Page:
Re:I'm always bewildered... government contracts (0)

Anonymous Coward | more than 4 years ago | (#32710460)

Erm, as far as I'm concerned, that's exactly your job. Its what a requirements capture is for. I feel quite offended by this attitude of yours - you're the expert. If I went to an architect and asked for a floating house, it would be his job to tell me that that's not what I really want, and to work with me on something more appropriate, rather taking the money and running away before my wife gets home.

I'm glad it's only as far as you are concerned then. The company I work for at the moment has worked in requirement gathering and specification analysis for 30 years with the majority of clients wanting web related services for the last decade. The majority of web design houses we have worked with do exactly that, web design and development. They don't get involved much with requirement gathering. They just program whatever has been asked for. As for actually trying to convince (even with proof) an organisation of what they really need it's really tough. I've been doing reqs and specs for 15 years and it's definitely the hardest partof the job, especially when dealing with government.

Still can't login from this terminal.... posted by adam.ec

Re:I'm always bewildered... government contracts (1)

sco08y (615665) | more than 4 years ago | (#32734738)

they didn't know what they wanted or needed, and it certainly wasn't our job to figure it out.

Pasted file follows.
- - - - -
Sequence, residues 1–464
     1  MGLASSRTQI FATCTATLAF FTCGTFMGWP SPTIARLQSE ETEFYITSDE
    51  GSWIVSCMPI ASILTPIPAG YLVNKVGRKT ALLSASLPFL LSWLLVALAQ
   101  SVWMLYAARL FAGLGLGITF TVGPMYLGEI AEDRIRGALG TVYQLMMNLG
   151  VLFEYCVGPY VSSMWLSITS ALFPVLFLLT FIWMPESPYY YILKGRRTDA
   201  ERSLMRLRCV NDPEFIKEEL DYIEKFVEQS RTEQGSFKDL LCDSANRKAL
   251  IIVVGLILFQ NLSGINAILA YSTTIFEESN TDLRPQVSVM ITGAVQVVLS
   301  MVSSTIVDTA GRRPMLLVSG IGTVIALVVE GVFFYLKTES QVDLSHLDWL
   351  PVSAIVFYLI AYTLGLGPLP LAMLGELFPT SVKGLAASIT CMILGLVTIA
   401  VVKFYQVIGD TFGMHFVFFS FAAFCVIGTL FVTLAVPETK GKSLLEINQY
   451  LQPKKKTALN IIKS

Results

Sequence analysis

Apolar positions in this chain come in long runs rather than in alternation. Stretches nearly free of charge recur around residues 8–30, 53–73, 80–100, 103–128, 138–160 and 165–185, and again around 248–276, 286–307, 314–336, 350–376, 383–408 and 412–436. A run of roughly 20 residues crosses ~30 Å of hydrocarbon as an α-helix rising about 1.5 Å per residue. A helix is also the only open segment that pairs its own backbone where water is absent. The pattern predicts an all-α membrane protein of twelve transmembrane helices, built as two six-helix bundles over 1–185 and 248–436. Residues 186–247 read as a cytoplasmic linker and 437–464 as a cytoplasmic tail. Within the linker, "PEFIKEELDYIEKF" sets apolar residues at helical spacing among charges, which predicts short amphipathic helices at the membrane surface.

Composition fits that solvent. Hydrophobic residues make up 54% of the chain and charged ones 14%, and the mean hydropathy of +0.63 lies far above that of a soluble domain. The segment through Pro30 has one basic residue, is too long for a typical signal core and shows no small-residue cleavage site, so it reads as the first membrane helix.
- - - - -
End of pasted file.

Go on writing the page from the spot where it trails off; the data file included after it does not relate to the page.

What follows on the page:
Erm, as far as I'm concerned, that's exactly your job. Its what a requirements capture is for.

Heheh, local government, small business... there was no requirements process or any of that. I has done about a year of college, and was the only person who vaguely understood those crazy computers.

I feel quite offended by this attitude of yours - you're the expert. If I went to an architect and asked for a floating house, it would be his job to tell me that that's not what I really want, and to work with me on something more appropriate, rather taking the money and running away before my wife gets home.

What's wrong with a floating house? There are entire cities that are built on floating foundations due to lack of decent bedrock.

It's not like this stuff is obviously a bad idea. All of it makes sense in the short term. But these agencies have no bottom line, so they don't have a basis with which to plan for the future.

I hope you enjoyed the coke you snorted off hooker's cracks with my tax money.

RIght, you totally missed the part where I said "local government" and "small business."

Re:I'm always bewildered... government contracts (1)

JansenVT (1235638) | more than 4 years ago | (#32699054)

They wanted all kinds of bells and whistles so they could go to their bosses and show them what an awesome web site they had

That I understand - but it seems true with most of my non-government clients too! :)

Re:I'm always bewildered... government contracts (2, Insightful)

psych0munky (1673632) | more than 4 years ago | (#32699276)

They wanted all kinds of bells and whistles so they could go to their bosses and show them what an awesome web site they had. It was designed far more to please government insiders than to be useful to taxpayers.